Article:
Inner city facing unprecedented mental health crisis

Inner city facing unprecedented mental health crisis
Katie Johnson

Psychologists in Carlton, Parkville and East Melbourne are overwhelmed with demand as locals grapple with the mental health impacts of sustained lockdowns.

Many clinics are having to turn new clients away as waiting lists have grown out of control.

Centre for Clinical Psychology (CCP) director Dr Emma Symes said that during her 20 years as a psychologist and her three years at the Carlton clinic, she had never seen such high levels of demand.

“We’re turning people away all the time, we had a waiting list for a time but it was just so clogged up,” Dr Symes said.

“No psychologist wants to turn patients away – it’s quite heartbreaking – but sometimes we simply can’t meet the demand.”

For many, the isolation and anxiety of the six lockdowns has exacerbated existing mental health issues.

Dr Symes said that many people were feeling “constrained, shut off and controlled”, which puts pressure on their mental health and their relationships.

“People are feeling really weary, and the normal issues people might be coming to see a psychologist for are intensified,” Dr Symes said.


You might have been feeling anxious for a long time, or there’s extra pressure on your relationship, but at the core of this is loss and an intense sense of not being in control.


As a specialist in posttraumatic stress disorder (PTSD) and perinatal issues, Dr Symes said many of her patients were new parents who were experiencing “profound isolation”.

“There’s no new mothers’ groups, there’s no way to interact with other families, play grounds have been shut, and kids haven’t been able to interact with each other at school,” Dr Symes said.

“The babies and children are also anxious.”

Although psychology and therapy sessions are usually face-to-face, lockdown has forced tele-health appointments to become the norm.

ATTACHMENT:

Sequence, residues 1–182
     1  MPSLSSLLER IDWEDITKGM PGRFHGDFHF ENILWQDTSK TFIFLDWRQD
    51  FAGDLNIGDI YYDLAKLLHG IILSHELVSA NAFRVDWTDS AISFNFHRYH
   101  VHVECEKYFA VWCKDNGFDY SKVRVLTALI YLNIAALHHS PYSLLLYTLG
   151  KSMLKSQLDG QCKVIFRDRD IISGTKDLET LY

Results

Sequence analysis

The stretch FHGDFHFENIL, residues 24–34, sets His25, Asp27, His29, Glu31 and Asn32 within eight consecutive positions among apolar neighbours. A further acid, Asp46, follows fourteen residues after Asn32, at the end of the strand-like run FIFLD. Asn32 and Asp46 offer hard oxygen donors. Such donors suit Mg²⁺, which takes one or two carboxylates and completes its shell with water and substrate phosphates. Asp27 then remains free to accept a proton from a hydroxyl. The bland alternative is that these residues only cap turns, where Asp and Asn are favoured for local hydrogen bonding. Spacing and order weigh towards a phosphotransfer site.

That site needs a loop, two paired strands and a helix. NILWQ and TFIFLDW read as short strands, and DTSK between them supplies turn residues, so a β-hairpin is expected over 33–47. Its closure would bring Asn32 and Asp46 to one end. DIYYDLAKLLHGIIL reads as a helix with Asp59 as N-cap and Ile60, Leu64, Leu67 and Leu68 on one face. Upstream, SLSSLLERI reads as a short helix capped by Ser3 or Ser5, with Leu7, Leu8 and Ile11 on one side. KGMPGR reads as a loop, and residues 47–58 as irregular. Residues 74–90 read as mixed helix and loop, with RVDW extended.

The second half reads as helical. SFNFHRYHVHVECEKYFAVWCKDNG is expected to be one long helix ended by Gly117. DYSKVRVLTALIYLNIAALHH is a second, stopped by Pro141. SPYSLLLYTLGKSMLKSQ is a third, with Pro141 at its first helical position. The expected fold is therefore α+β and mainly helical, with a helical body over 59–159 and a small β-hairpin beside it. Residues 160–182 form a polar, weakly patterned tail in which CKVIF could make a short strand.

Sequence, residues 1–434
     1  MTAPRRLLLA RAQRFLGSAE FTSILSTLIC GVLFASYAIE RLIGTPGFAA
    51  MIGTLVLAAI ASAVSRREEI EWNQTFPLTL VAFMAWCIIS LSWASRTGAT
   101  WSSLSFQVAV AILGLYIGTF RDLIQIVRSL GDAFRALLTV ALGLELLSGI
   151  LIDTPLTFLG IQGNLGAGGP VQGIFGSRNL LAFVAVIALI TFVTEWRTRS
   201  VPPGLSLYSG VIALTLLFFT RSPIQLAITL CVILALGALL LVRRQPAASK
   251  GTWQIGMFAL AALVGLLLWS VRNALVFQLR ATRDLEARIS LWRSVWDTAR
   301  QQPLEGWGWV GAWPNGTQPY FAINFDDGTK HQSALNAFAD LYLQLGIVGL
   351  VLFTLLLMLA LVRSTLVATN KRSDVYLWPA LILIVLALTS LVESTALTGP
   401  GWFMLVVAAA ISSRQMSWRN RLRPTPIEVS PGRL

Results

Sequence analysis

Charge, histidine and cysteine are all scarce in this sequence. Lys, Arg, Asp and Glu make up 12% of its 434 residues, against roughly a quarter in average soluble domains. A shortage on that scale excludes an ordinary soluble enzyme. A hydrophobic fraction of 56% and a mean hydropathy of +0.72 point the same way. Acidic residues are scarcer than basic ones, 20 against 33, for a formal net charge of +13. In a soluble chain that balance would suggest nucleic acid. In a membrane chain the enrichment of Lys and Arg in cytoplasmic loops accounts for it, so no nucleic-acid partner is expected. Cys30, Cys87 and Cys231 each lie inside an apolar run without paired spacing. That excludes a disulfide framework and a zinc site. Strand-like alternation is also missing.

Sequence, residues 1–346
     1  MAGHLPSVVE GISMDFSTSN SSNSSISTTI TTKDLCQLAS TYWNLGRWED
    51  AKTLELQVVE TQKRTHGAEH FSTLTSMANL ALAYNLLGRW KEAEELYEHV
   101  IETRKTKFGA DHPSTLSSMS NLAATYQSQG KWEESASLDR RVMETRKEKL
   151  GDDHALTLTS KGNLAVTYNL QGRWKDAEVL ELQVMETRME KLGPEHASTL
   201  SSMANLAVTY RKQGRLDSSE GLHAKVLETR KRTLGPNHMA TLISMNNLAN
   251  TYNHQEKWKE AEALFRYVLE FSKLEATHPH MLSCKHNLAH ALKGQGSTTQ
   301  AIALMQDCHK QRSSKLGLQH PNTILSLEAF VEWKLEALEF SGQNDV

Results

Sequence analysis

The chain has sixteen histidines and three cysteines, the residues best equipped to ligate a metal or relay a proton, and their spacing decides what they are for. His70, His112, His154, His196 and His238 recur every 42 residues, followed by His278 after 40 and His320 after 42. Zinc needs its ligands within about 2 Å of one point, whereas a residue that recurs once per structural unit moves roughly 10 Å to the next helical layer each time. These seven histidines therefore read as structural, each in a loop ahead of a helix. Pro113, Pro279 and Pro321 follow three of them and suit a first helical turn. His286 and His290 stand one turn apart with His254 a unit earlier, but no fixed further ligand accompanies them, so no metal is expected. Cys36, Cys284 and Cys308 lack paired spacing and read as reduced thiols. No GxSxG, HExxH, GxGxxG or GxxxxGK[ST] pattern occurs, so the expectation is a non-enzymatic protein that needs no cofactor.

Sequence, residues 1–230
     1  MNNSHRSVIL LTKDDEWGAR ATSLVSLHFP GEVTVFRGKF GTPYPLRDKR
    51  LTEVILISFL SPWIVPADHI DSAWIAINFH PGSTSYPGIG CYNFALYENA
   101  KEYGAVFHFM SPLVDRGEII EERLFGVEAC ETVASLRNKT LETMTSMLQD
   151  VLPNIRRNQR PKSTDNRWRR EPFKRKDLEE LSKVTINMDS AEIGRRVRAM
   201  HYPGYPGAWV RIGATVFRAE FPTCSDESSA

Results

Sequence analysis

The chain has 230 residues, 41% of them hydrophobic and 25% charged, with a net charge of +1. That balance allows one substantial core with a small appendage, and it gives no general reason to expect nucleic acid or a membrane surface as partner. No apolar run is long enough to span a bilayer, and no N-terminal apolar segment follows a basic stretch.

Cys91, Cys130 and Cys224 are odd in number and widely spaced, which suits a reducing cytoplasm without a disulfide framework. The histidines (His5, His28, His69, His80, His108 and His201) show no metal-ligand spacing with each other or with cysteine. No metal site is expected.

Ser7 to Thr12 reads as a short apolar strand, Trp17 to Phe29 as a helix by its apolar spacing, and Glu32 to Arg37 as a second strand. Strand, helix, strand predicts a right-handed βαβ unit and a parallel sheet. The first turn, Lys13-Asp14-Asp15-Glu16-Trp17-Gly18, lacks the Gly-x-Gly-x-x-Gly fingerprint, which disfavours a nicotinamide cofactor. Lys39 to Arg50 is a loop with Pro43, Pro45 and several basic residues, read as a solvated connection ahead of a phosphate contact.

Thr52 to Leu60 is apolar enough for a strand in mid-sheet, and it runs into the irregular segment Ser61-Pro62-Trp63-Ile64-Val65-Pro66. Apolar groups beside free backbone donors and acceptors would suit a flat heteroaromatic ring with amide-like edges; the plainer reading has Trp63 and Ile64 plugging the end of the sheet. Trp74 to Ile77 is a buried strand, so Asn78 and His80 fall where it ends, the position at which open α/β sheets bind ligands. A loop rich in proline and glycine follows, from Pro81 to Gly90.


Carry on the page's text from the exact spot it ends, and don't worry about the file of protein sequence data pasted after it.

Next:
CCP was able to adapt quite quickly to delivering their services online, but still offers in-person services for vulnerable patients.

“Online is good for the majority of patients, but for children and those who are more vulnerable, it’s more complicated,” Dr Symes said.


Not everybody has a computer and not everybody is comfortable taking through that medium.


With many psychologists taking on higher caseloads while dealing with the lockdowns themselves, Dr Symes said her priority was to look out for her staff.

“They’re never under pressure to take on more and it’s about recognising the limitations of what you can and can’t do,” Dr Symes said.

“The issue for many psychologists is that we’re going through the same things our patients are going through, so while its helpful to know where people are coming from, we have to be aware of our reactions.”

“For me, taking regular breaks, exercising, meditating and connecting with the people I can connect with is very important.”

For Dynamic Psychotherapy director Julie Cochrane, long waiting lists have forced her psychologists to prioritise patients who have a significant risk to their emotional wellbeing.

Dr Cochrane said that the seemingly never-ending nature of the lockdowns had pushed many people to the brink.

“In addition to the uncertainty, not having a time frame of how long they need to cope with this is creating significant stress,” Dr Cochrane said.